Nov. 2-30: Bask. Paintings by the Florida-based Czech artist.
December: Group show TBA.
Montage Gallery, 925 S. Charles St. 410-752-1125
Through Oct. 12: A Slice of Poetry. Mixed-media on canvas and paper by Jeanne G. Keck.
Oct. 16-Nov. 30: Visual Transparency. Mixed-media on wood by Jacqueline Jolles.
Dec. 1-31: Group show of gallery artists.
St. Paul Art & Design, 2524 St. Paul St. 410-889-0921
Oct. 12-Nov. 2: Watercolors by Arin Mitchell.
Nov. 15-Dec. 14: TBA.
School 33 Art Center, 1427 Light St. 410-396-4641
Through Oct. 4: New Work by Young W. Lee. Sculpture and drawing. Also, "Cell," site-specific sculpture by Renee Rendine and Foon Sham; "New Work" by Albert Schweitzer; "Imprint" by Bonnie Crawford.
Oct. 12-19: Lotta Art. Annual benefit exhibition.
Nov. 2-Dec. 6: 2002 Annual Juried Exhibition. Also "New Work" by Youngmi Song; "Prometheus in Baltimore" by Timothy Lonergan.
Dec. 12-Jan. 17: New Work by Brandon Morse and John Watson. "Occidio" by Tim Nohe.
Steven Scott Gallery, 515 N. Charles St. 410-752-6218
Through Sept. 28: The Long Hot Summer. Group show of gallery artists.
Oct. 3-Dec. 21: Amy Lamb: Recent Photographs 1996-2002. Also, "Atmospheric Conditions," group show by gallery artists.
Corcoran Gallery of Art, 500 17th St. N.W. 202-639-1700
Sept. 7-Nov. 11: Here Is New York. Two thousand amateur and professional photographs taken during and after the terrorist attacks on the World Trade Center and the Pentagon.
Sept. 21-Jan. 6: The Shape of Color: Joan Miro's Painted Sculpture. Eighty sculptures and works on paper created during the 1960s and 1970s, when the artist was at his most playful.
Oct. 12-Dec. 30: Fashioning Art: Handbags by Judith Leiber. Every notable from Greta Garbo to Claudette Colbert to Hillary Rodham Clinton has carried Leiber's bejeweled creations, which are an art form in their own right.
Oct. 26-Jan. 6: Emmet Gowin: Changing the Earth. Aerial views by one of the country's most renowned art photographers.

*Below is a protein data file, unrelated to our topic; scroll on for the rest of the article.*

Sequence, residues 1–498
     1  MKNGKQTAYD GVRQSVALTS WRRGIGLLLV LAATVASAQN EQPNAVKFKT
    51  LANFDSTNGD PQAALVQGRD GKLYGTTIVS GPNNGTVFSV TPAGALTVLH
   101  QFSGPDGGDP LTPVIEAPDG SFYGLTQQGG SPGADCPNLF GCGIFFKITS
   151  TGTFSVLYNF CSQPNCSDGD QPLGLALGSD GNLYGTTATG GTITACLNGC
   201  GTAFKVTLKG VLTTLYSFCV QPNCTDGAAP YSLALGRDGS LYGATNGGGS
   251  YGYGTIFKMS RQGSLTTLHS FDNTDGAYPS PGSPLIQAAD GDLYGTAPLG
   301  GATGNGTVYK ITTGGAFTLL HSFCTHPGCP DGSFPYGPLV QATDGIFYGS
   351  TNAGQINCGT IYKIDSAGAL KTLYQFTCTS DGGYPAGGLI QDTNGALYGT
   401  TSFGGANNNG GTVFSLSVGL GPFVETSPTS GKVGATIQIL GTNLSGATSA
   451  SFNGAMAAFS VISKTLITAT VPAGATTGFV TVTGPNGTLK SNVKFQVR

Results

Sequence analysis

The Hirshhorn Museum, Independence Avenue at 7th Street Southwest. 202-357-2700
Oct. 24-Jan. 20: Zero to Infinity: Arte Povera 1962-1972. The Arte Povera movement, Europe's answer to minimalism and pop, propelled Italy to the center of the international art scene in the 1960s.
Nov. 14-March 2: Directions -- Cecily Brown. Recent landscape painting in which the artist reinterprets pictorial and thematic strategies invented by de Kooning and others.
Feb. 27-May 18: Gerhard Richter: Forty Years of Painting. The most comprehensive retrospective of Richter's work ever seen in North America includes landscapes, portraits, photo-based paintings and gestural abstractions.
The National Gallery of Art, 4th Street and Constitution Avenue Northwest. 202-737-4215
Sept. 29-Jan. 5: Willem de Kooning: Tracing the Figure. Through nearly 70 works on paper executed between 1940 and 1955, this exhibition examines de Kooning's pioneering vision of the female form.
Oct. 13-March 2: Deceptions and Illusions: Five Centuries of Trompe l'Oeil Painting. Trompe l'oeil -- the depiction of objects so exactly that they appear real -- has fascinated artists and viewers since antiquity. This show presents 115 paintings by masters of the genre.
Jan. 19-April 20: Edouard Vuillard. Two hundred works reveal both the public and private sides of this quintessentially Parisian artist.
Feb. 9-May 11: Thomas Gainsborough, 1727-1788. Seventy-five paintings and 30 works on paper by the 18th-century English landscape artist.
March 2-June: Ernst Ludwig Kirchner. Kirchner (1880-1938) was the leader of Die Bruck, Germany's most important avant-garde group of the early 20th century. This selection of 150 works is the first major exhibition in the United States of Kirchner's work in 30 years.
The National Museum of Women in the Arts, 1250 New York Ave. N.W. 202-783-5000
Oct. 11-Jan. 5: Judy Chicago. More than 90 works from the 1960s to the present chronicle the development of this pioneering American feminist artist.
The Phillips Collection, 1600 21st St. N.W. 202-387-2151
Sept. 22-Jan. 19: Pierre Bonnard: Early and Late. Recognized as a 20th-century master, Bonnard was a painter, illustrator, set designer, printmaker and photographer. The show presents 130 works that explore the vision that animated his work from the turn of the century to the late 1940s.
Oct. 1-Jan. 31: Willem de Looper: A Birthday Celebration. Honoring the 70th birthday of Dutch-born artist Willem de Looper, a curator at the Phillips from 1972 through the 1980s, the museum presents an installation of his large-scale color-field paintings.Copyright © 2015, Los Angeles Times